This article includes a list of general references, but it lacks sufficient corresponding inline citations. (March 2011)
A petit four (plural: petits fours, also known as mignardises) is a small bite-sized confectionery or savory appetizer. The name is French, petit four (French pronunciation: [pə.ti fuʁ]), meaning "small oven".
|Place of origin||France|
|Main ingredients||Varies by type|
History and etymologyEdit
In 18th and 19th century France, gas ovens did not exist. Large brick (Dutch design) ovens were used, which took a long time to heat up to bake bread, but also to cool down. Bakers used the ovens during the cooling process, taking advantage of their stored heat, for baking pastry. This was called baking à petit four (literally "at small oven"), a lower temperature which allowed pastry baking.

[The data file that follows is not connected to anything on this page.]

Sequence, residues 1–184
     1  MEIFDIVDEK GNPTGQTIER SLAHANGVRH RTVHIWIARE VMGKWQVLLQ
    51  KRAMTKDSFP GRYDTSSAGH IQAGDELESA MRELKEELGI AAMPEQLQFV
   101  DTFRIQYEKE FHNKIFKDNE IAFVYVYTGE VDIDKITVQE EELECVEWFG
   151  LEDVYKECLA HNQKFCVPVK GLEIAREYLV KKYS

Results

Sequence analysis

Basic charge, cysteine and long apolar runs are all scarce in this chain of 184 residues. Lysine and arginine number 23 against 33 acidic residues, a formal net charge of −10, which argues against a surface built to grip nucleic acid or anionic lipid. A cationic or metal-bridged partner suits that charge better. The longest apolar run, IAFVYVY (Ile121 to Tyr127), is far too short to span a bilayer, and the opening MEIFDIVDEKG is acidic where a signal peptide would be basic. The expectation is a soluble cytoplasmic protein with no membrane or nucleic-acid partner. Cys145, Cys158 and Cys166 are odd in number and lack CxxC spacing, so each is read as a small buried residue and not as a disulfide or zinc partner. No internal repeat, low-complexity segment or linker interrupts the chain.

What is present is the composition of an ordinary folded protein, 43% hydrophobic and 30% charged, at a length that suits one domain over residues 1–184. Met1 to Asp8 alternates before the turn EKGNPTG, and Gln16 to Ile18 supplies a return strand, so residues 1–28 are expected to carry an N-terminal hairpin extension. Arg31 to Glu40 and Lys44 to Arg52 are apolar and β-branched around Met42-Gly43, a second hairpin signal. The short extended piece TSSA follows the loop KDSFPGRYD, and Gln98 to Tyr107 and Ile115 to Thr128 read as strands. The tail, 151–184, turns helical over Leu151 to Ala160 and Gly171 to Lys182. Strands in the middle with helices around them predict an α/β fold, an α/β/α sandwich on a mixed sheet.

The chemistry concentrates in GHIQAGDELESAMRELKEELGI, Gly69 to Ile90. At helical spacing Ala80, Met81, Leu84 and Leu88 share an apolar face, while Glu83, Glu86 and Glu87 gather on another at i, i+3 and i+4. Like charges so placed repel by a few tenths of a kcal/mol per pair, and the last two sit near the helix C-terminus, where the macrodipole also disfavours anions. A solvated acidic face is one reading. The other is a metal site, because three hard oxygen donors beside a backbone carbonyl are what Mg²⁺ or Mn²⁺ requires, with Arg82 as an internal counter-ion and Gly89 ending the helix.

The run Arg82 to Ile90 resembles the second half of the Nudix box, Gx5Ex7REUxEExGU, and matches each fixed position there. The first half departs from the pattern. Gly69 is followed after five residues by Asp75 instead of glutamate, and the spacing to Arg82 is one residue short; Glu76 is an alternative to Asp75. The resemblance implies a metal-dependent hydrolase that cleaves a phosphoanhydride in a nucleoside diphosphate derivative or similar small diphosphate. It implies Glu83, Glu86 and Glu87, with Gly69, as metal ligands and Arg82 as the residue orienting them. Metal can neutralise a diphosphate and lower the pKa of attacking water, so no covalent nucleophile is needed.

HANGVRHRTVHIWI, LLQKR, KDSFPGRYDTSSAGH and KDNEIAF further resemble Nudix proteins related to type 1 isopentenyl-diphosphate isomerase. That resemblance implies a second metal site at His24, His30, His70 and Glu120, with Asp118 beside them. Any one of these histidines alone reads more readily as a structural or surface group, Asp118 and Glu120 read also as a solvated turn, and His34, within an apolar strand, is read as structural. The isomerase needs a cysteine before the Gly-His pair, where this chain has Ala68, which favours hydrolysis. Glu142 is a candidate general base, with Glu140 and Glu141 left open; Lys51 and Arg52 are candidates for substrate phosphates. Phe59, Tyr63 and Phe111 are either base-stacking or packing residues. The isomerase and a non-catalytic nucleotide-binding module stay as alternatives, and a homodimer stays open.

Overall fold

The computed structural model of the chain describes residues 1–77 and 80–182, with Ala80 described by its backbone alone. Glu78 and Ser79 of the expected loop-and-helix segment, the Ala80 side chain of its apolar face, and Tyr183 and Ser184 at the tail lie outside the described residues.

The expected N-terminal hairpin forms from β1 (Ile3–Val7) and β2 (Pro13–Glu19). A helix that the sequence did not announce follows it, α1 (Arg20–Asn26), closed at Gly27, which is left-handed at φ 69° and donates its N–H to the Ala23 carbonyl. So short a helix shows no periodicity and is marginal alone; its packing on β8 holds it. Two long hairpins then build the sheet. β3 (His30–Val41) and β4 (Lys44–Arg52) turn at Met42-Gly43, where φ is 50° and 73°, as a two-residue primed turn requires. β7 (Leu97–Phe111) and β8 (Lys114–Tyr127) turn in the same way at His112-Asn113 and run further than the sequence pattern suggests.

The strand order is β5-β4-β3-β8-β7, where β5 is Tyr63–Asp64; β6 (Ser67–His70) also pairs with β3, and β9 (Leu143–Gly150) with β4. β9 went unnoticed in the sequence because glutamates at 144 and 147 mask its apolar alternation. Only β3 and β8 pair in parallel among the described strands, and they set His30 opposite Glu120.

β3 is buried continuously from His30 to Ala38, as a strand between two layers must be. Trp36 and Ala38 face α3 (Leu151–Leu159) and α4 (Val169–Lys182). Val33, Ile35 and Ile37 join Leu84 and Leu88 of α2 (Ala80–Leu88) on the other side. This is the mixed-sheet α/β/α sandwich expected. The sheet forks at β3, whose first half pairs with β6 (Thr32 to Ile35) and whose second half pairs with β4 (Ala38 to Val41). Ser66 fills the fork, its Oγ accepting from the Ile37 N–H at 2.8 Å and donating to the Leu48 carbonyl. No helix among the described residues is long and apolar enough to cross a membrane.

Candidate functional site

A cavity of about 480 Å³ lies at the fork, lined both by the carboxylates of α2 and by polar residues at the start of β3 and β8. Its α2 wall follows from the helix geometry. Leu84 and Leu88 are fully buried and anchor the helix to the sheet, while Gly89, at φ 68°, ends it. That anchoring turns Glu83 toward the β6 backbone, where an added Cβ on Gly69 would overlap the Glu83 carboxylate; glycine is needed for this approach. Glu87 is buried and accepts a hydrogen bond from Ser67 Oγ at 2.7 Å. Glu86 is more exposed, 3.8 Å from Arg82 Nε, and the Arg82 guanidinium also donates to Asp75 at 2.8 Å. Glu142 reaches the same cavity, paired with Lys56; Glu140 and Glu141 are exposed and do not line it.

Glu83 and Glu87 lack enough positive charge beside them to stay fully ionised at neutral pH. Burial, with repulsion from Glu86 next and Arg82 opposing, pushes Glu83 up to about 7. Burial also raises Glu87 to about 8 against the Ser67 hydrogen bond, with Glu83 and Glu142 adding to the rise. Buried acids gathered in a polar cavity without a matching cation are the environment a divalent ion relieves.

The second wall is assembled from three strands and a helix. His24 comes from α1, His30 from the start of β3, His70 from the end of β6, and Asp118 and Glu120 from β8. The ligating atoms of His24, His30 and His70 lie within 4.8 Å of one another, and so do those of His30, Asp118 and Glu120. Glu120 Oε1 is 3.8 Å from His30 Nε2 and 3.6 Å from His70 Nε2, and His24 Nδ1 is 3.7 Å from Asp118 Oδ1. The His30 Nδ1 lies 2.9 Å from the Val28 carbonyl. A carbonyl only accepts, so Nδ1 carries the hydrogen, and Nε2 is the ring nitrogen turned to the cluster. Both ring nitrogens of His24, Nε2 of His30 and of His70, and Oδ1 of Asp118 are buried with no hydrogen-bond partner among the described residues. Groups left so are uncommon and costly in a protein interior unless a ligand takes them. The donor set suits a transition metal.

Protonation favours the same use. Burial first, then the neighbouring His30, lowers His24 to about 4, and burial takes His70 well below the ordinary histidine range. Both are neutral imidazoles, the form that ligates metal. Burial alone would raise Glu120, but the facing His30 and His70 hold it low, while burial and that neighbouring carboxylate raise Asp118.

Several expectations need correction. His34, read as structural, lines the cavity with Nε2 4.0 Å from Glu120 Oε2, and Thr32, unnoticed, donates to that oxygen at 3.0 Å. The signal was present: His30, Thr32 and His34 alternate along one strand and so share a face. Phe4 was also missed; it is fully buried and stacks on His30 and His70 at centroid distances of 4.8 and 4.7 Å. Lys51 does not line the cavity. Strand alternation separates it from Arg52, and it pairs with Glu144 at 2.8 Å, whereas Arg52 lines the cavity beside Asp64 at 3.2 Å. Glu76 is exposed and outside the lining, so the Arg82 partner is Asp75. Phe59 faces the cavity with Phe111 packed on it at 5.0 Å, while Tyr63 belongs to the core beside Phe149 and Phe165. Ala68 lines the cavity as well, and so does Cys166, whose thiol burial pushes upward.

Petits fours come in three varieties:
- Glacé ("glazed"), iced or decorated tiny cakes covered in fondant or icing, such as small éclairs, and tartlets
- Salé ("salted"), savory bite-sized appetizers usually served at cocktail parties or buffets
- Sec ("dry"), dainty biscuits, baked meringues, macarons, and puff pastries
In a French patisserie, assorted small desserts are usually called mignardises, while hard, buttery biscuits are called petits fours.
- ^ Olver, Lynne (June 24, 2012). "history notes—cookies, crackers & biscuits". The Food Timeline. Archived from the original on August 4, 2012.
- ^ Jebirashvili, Revaz (3 February 2011). "The History of Petit Fours". Mini Desserts. Retrieved 10 February 2015.
- Garrett, Toba. Professional Cake Decorating. Hoboken, N.J.: John Wiley & Sons, 2007. p. 226.
- Kingslee, John. A Professional Text to Bakery and Confectionary. New Delhi, India: New Age International, 2006. p. 244.
- Maxfield, Jaynie. Cake Decorating for the First Time. New York: Sterling Pub, 2003. p. 58.
- Rinsky, Glenn, and Laura Halpin Rinsky. The Pastry Chef's Companion: A Comprehensive Resource Guide for the Baking and Pastry Professional. Hoboken, N.J.: John Wiley & Sons, 2009. p. 214.